June  25,  2014     Guidance  Document  Submission   Division  of  Dockets  Management  (HFA-­‐305)   5630  Fishers  Lane,  Rm.  1061   Rockville,  MD  20852     Dr.  Janet  Woodcock   Center  for  Drug  Evaluation  and  Research   Food  and  Drug  Administration   10903  New  Hampshire  Ave   Silver  Spring,  MD  20993-­‐0002     Dear  Dr.  Janet  Woodcock  and  colleagues  at  the  FDA,       This  correspondence  constitutes  a  formal  submission  of  a  draft  guidance  authored  by  a   consortium  of  stakeholders,  under  the  coordination  of  Parent  Project  Muscular  Dystrophy   (PPMD),  for  consideration  by  the  Food  and  Drug  Administration  (FDA).  This  material  is   intended  as  a  submission  to  the  dockets  as  provided  under  the  advice  from  the  FDA’s  good   guidance  practice  work  group,  with  the  expectation  that  FDA  will  seriously  consider   adoption  of  all  or  significant  sections  of  this  submission.     When  FDA,  PPMD  and  other  interested  parties  met  on  December  12,  2013  in  the  spirit  of   public-­‐private  partnership  to  convene  a  Duchenne  policy  forum,  we  discussed  the   challenges  designing  and  implementing  clinical  trials  for  rare  diseases  like  Duchenne   muscular  dystrophy  and  the  need  to  develop  guidance  to  help  accelerate  development  and   the  review  of  potential  therapies  for  Duchenne  muscular  dystrophy  (Duchenne).  The  forum   concluded  with  an  agreement  that  the  Duchenne  community,  led  by  PPMD,  would  develop   the  first  draft  guidance  on  Duchenne  for  industry.       After  an  intensive  five  month  long  process,  overseen  by  a  steering  committee,  developed  by   working  groups  composed  of  clinical  experts,  developers  and  patients,  and  further  reviewed   by  a  community  advisory  board,  we  are  pleased  to  hereby  present  to  you  the  Duchenne   muscular  dystrophy  community’s  draft  of  the  Guidance  for  Industry:  Duchenne  Muscular   Dystrophy:  Developing  Drugs  for  Treatment  over  the  Spectrum  of  Disease,  the  first-­‐ever   patient  advocacy-­‐initiated  draft  guidance  for  a  rare  disease,  written  to  help  accelerate  the   development  and  review  of  potential  therapies  for  Duchenne  muscular  dystrophy   (Duchenne).       Our  submission  is  prefaced  by  the  Duchenne  Imperatives,  which  begins  with  a  few  case   studies,  summarizes  the  document’s  key  points,  and  explains  the  Duchenne  community’s   key  imperatives  —  what  we  hope  will  be  the  take  home  messages  from  the  community  for   the  sponsors,  the  academic  community  and  for  the  FDA,  and  to  serve  to  frame  the   importance  of  the  development  of  guidance  for  the  community.  We  understand  that  the  FDA   may  choose  not  to  formally  adopt  this  preface,  though  it  is  hoped  that  such  information  will   inform  FDA’s  deliberations  regarding  adoption  of  the  formal  draft  guidance,  which  follows.         401 Hackensack Avenue, 9th Floor, Hackensack, New Jersey 07601 t 800.714.5437 • 201.944.9985 f 201.944.9987 e [email protected] • ParentProjectMD.org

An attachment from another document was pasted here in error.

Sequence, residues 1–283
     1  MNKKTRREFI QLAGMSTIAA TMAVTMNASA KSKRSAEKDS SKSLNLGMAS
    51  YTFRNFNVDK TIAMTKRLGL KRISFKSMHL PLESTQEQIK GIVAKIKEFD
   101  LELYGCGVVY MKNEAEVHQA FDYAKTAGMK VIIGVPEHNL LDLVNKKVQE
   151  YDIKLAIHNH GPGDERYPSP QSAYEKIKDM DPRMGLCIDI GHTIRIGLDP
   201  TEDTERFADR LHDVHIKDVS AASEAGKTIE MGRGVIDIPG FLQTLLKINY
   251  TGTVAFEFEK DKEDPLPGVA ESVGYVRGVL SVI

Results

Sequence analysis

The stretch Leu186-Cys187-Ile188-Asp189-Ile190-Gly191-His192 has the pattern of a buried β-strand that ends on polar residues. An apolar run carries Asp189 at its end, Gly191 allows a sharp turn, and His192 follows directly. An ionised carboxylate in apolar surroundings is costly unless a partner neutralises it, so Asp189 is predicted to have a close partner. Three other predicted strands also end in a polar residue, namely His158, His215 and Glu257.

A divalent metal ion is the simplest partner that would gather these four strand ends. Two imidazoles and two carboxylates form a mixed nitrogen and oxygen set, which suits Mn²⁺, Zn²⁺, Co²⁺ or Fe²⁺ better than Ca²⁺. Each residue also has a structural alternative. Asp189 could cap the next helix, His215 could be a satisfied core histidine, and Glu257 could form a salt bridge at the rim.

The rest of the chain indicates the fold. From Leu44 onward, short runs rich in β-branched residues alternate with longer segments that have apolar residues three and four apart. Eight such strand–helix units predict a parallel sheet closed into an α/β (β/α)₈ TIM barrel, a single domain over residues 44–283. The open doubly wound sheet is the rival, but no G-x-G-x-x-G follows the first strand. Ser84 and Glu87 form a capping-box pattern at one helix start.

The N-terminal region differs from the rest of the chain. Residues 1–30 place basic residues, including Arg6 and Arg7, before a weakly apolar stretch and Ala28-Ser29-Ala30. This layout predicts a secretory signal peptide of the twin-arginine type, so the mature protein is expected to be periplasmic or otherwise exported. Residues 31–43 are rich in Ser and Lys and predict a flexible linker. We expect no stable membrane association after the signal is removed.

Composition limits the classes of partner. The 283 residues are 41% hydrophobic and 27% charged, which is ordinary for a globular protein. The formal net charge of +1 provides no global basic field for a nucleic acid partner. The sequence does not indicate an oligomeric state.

By  working  closely  with  the  FDA  to  provide  industry  and  other  clinical  trial  sponsors  with   clearer  guidance  from  the  patient  perspective,  we  hope  to  increase  the  likelihood  that   clinical  trials  will  be  designed  to  better  match  the  unique  needs  of  Duchenne  patients.  It  is   our  profound  hope  that  this,  in  turn,  will  lead  to  the  approval  of  much  needed  treatments   for  all  people  living  with  Duchenne  muscular  dystrophy.       We  look  forward  to  engaging  with  you  on  planning  a  meeting  in  the  near  future  to  discuss   the  document,  and  welcome  any  questions  or  comments  which  you  have  regarding  the   material  appended.       With  this  letter,  we  ask  that  you  officially  open  a  docket  for  submission  of  the  guidance.   Thank  you  in  advance  for  your  attention  to,  and  consideration  of,  this  important  initiative.       Sincerely,